There's no sugarcoating that Philip Morris, or tobacco stocks in general, have had a bad go of things recently. Health regulatory agencies in a number of developed countries are attempting to wage war on the tobacco industry, and that's resulted in a precipitous decline in cigarette sales volumes for the biggest players. In Philip Morris' second quarter, it wound up shipping 190.7 billion cigarette units, which was down 2.8 billion from the prior-year quarter.
Making matters a bit more worrisome, the company's heated tobacco alternative, known as IQOS, looks to have plateaued in Japan, which was something of a test market for the product.
Yet in spite of these concerns, this top dividend stock has plenty of factors still working in its favor. Chief among these catalysts is Philip Morris' geographic diversity. Philip Morris doesn't sell tobacco products in the U.S., meaning it avoids what's becoming one of the most anti-tobacco markets in the world. While it still faces challenges in other developed markets, such as Australia, it has dozens of emerging markets to turn to, such as China and India, where a burgeoning middle class is looking for simple luxuries, including the ability to use tobacco products.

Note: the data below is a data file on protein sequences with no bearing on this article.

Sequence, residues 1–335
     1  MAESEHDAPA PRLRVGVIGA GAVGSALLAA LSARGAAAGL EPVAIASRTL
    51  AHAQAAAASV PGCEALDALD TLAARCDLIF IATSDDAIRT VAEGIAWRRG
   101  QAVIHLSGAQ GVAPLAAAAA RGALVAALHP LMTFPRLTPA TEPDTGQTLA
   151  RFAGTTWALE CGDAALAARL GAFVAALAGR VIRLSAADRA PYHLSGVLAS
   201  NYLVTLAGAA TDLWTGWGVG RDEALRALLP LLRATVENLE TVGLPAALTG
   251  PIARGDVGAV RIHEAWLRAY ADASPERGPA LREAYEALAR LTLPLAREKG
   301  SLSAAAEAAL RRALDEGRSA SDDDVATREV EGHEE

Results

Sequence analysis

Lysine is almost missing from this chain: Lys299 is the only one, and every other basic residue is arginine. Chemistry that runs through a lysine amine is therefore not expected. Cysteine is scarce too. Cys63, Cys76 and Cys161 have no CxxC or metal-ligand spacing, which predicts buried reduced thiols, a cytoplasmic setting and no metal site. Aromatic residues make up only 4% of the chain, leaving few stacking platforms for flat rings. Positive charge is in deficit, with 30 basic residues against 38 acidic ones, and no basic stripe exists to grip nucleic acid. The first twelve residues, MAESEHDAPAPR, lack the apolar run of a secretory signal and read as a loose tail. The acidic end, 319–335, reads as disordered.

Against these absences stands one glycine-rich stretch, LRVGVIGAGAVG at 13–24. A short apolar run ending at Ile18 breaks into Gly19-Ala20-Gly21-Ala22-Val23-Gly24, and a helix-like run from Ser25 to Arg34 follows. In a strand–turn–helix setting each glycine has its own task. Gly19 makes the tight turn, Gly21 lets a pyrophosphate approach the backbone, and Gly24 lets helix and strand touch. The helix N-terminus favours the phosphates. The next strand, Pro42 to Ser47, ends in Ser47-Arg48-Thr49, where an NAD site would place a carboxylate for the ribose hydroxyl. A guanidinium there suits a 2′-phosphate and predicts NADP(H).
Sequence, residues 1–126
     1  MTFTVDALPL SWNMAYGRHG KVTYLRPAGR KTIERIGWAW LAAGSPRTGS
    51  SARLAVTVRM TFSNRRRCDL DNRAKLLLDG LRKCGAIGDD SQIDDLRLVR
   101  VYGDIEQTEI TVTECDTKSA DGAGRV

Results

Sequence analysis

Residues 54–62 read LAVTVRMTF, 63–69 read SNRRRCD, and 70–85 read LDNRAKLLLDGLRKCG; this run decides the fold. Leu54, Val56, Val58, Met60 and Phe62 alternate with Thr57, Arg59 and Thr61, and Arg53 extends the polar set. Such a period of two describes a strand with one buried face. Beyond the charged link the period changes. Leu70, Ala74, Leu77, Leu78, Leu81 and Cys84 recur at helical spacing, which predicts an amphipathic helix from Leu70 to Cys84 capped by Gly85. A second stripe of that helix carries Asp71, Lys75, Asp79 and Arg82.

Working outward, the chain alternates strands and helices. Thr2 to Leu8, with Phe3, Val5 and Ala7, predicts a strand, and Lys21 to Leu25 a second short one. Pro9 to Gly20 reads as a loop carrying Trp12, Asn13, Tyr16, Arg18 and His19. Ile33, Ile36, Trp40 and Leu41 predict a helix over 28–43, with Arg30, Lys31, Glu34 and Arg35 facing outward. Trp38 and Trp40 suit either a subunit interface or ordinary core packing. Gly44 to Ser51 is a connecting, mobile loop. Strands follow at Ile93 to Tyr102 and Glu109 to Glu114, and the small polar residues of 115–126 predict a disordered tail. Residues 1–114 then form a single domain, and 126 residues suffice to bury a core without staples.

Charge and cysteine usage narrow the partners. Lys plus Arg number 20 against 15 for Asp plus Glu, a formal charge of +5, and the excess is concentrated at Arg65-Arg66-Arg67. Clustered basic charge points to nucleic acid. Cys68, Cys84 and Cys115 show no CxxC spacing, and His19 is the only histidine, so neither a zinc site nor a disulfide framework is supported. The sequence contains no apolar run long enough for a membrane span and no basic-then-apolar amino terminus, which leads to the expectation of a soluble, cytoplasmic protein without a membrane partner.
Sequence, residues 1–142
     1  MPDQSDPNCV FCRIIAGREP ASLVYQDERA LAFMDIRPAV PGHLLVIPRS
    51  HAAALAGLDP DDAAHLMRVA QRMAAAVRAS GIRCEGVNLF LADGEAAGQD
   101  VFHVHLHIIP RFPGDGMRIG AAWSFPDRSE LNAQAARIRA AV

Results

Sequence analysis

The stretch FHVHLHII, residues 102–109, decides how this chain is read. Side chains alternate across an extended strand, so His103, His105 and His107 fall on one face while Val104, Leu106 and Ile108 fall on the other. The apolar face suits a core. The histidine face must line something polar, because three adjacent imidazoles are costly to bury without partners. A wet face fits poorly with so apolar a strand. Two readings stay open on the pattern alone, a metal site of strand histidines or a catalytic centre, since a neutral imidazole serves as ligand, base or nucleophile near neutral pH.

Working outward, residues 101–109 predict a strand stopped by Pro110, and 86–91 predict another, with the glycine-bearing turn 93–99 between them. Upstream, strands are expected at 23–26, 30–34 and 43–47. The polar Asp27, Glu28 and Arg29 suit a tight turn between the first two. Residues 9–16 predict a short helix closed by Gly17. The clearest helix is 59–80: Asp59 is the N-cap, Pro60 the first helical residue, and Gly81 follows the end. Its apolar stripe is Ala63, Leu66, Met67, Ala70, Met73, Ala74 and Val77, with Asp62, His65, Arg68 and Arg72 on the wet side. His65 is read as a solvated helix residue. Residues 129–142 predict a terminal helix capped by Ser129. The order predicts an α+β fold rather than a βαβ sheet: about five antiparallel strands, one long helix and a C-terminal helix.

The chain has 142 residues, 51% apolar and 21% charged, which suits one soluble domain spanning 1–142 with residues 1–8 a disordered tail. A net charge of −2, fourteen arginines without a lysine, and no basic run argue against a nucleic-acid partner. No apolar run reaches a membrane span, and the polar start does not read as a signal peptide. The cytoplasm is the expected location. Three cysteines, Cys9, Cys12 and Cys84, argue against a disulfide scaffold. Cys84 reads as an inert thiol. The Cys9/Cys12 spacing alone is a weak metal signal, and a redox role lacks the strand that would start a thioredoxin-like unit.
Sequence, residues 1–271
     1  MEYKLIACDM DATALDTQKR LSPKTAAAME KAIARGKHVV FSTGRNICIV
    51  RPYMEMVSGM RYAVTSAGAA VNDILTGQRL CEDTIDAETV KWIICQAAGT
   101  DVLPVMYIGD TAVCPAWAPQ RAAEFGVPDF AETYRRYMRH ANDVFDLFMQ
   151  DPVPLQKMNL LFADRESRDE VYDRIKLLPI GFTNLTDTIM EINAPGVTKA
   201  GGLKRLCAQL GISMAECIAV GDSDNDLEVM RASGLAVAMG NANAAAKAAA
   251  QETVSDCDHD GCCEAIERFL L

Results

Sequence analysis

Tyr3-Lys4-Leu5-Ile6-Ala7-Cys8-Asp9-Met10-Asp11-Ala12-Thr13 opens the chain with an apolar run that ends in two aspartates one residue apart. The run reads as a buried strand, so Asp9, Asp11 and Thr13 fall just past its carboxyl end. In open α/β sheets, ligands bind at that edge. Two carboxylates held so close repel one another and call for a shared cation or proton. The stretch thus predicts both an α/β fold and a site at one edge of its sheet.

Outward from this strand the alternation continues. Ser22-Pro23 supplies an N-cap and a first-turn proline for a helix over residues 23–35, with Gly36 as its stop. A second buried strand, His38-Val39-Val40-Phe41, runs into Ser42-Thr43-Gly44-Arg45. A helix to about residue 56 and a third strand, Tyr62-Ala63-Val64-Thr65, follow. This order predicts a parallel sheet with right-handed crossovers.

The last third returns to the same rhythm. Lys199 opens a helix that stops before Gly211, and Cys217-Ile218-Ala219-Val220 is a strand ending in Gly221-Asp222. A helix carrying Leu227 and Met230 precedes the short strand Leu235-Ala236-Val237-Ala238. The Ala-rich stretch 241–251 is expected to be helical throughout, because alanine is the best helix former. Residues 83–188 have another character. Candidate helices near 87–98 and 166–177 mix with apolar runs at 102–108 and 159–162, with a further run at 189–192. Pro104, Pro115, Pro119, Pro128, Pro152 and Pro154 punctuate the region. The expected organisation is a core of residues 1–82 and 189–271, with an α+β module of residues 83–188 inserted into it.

Speaking of tobacco, Philip Morris is also able to take advantage of exceptional pricing power. Since the nicotine found in tobacco is addictive, tobacco companies have discovered over many decades that they can pass along hefty price increases to consumers and, even with some consumers choosing to quit, can still grow their top line. As noted, despite a 2.8 billion-unit drop in cigarette shipment volume in the first quarter, Philip Morris was able to grow sales by 8.3% on a constant currency basis.
Lastly, don't count out IQOS just yet. Even though sales of the heated-tobacco device may have plateaued in Japan, the company still has dozens of countries where it could aid its top- and bottom-line results.
With Wall Street anticipating annual earnings-per-share growth of roughly 10% through 2021, I'd suggest that now is the time to consider this top dividend stock for your portfolio.
An icon on sale